Webb telescope reveals a luminous stellar crime scene

Webb telescope reveals a luminous stellar crime scene

Two images of the southern ring nebula taken by the Webb telescope.

2,500 years ago, one of the most beautiful features of space emerged: the Southern Ring Nebula. The nebula was vividly imaged earlier this year by the Webb Space Telescope, and astronomers now think they know exactly how a star’s violent outburst occurred and left the elegant nebula in its wake.

The star that bore the nebula was about three times the size of the Sun and 500 million years old. That’s pretty young, in stellar terms; our sun is about 4.6 billion years old and should live for another 5 billion.

About 2500 years ago, Confucius and the Buddha were still alive. The Peloponnesian Wars were about to begin. And sometime in those intervening years, a star 2,000 light-years away died, spewing gas out from a newly formed white dwarf.

The star of the Southern Ring Nebula is not yet dead, but the expulsion of gas is a major turning point in the star’s lifespan. White dwarfs are the stellar endgame; they form when stars have exhausted their nuclear energy and begin their slow cooling.

Thanks to images from the Webb Space Telescope and smart calculations and mathematical modelling by the research teamcan now the moments leading up to the stellar light show of the Southern Ring Nebula be examined in detail.

Different Webb filters mark different ones aspects of one light source, that’s why some parts of the nebula may look like pearly or translucent red, while others appear blue or orange, depending on the imageage. The Web image processors choose it highlight different aspects of objects in order to show different elements: hot gas, for exampleor star factories within larger systems.

A team of 70 astronomers worked together to determine that as many as five stars (only two of which are now visible) may have been involved in the star’s demise. Their investigation into the star’s death is published today in Natural Astronomy.

A representative color image of the Southern Ring Nebula.

“We were surprised to find evidence of two or three companion stars that likely hastened his death, as well as another ‘innocent bystander’ star that got caught up in the interaction,” said Orsola De Marco, an astronomer at Macquarie University. and the study leader. lead author, at a university release.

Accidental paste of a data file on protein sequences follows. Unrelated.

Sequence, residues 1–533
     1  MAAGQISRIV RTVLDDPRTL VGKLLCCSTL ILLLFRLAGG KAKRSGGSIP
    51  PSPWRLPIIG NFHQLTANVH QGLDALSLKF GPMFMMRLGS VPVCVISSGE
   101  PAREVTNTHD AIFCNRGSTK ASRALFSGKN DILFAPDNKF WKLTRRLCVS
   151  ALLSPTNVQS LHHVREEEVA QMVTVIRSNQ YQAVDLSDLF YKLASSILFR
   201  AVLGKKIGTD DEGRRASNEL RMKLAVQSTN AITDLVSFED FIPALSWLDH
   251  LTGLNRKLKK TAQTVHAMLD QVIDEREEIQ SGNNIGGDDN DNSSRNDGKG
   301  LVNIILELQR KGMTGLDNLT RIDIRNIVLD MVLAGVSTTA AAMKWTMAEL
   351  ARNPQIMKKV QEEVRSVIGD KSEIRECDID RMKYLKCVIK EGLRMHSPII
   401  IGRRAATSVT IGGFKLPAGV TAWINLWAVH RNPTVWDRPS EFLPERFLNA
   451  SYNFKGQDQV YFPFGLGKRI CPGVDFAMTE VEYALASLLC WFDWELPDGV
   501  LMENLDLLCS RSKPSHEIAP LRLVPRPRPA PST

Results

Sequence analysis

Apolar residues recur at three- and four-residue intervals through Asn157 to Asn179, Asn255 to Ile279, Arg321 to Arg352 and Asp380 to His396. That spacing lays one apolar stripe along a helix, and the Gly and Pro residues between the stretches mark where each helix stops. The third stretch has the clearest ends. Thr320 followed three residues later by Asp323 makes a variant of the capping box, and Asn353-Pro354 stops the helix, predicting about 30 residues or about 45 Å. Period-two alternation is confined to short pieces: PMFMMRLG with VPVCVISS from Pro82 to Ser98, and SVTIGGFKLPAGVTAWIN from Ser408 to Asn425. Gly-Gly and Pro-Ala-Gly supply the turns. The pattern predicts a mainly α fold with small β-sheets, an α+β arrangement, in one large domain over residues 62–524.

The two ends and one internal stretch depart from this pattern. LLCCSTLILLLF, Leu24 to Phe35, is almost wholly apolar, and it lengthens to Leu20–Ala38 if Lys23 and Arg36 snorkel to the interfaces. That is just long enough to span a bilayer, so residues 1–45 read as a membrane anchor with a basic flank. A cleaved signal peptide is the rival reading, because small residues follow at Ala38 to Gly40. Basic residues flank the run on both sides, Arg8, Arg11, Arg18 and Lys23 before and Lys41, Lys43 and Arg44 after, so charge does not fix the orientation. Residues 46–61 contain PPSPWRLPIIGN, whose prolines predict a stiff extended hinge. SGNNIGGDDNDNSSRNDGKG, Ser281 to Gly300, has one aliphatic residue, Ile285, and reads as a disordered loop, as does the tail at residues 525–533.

The nebula origin team’s play-by-play was possible thanks to very precise measurements of the most brilliant star (the star among stars, if you will) in the Webb imagician. Webb data allowed the researchers to accurately measure the mass and how far along in its own life it iswhich in turn allowed them to deduce the mass of the central faint star before it ejected its material and created the colorful shape mist.

Webb imaged the Southern Ring with two instruments, NIRcam and MIRI. The Webb images were supplemented by data from the European Southern Observatory’s Very Large Telescope, the San Pedro de Mártir telescope, and NASA’s Gaia and Hubble space telescopes.

Only two of the stars believed to be involved in this cosmic rager are visible in Webbs representative color photograph of the nebula, taken with NIRcam. The bright star at the center of the nebula is a partner of the one that spewed out so much material that it became a white dwarf. That shriveled (and exhausted) star sits faintly along the 8-hour diffraction peak of the bright central star in the image above.

The astronomers believe that at least one star interacted with the fainter star (star 1 in the illustrated timeline below) as the latter swelled and prepared to expel its gas and become a white dwarf.

According to the team, that mysterious star (Star 3) spewed out jets of material as it interacted with the dying star, covering the faint star in dust before merging with the dwarf. Star 2 in the image is now the bright spot at the center of the nebula – a relatively steadfast character given the lack of explosive activity or gaseous emissions.

Six panels showing the relative proximity of the stars and how they interact to form the nebula.

Another star (or “party-goer,” in the The analogy of the Space Telescope Science Institute of an out-of-control astrophysical party) kicked up the gas and dust released by its predecessor, creating undulating ripples in the material. Then another star (star 5 in the panels above) circled the light show, producing the ring system that circled the nebula.

Think of the white dwarf near the nebula’s core as the party host who went on a rampage and passed out long before the party ended, the researchers say. But the star gave everyone a great time while it was ready, and the party lived on thanks to him.

“We think all that gas and dust that we see floating around must have come from that one star, but it was thrown in very specific directions by the companion stars,” said Joel Kastner, an astrophysicist at the Rochester Institute of Technology. in a StScI release.

The researchers believe the same methods that revealed the specifics of the birth of the Southern Ring Nebula could help unravel the births of other nebulae, as well as the astrophysical forces at work in the interactions of stars.

The images revealing this interstellar scene were published in June; only now have researchers had time to sift through the data and present their interpretation of it.

So consider the images you have seen from Webb So far—they all have their own stories, which will (hopefully) be told at length soon.

More: Are the colors in Webb telescope images ‘fake’?

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